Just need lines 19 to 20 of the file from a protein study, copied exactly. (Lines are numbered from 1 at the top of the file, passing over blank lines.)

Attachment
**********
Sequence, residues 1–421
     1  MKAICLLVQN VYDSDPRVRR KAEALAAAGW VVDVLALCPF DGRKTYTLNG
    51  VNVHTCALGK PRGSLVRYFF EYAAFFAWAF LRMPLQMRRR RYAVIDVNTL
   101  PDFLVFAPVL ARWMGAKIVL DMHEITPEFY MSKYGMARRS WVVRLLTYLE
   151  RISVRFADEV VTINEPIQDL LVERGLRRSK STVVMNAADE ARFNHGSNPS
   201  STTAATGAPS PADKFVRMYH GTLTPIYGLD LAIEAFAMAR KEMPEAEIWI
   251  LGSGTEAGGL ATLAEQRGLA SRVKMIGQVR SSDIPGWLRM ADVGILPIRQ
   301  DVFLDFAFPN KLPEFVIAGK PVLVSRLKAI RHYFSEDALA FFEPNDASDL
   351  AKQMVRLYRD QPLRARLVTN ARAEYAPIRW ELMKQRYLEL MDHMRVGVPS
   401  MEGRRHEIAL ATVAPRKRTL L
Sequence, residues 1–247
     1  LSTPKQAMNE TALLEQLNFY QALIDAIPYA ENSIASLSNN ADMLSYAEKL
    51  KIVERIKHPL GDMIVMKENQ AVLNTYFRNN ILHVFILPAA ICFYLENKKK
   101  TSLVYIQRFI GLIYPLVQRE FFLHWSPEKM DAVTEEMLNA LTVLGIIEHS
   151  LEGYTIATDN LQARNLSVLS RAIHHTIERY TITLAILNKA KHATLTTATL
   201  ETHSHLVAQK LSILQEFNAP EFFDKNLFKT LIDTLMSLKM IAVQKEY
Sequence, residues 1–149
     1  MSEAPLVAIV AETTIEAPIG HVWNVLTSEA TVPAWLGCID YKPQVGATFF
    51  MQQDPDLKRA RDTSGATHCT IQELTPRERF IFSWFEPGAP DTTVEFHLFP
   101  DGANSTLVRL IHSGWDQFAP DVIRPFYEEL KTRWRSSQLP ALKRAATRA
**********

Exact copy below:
    51  MQQDPDLKRA RDTSGATHCT IQELTPRERF IFSWFEPGAP DTTVEFHLFP
   101  DGANSTLVRL IHSGWDQFAP DVIRPFYEEL KTRWRSSQLP ALKRAATRA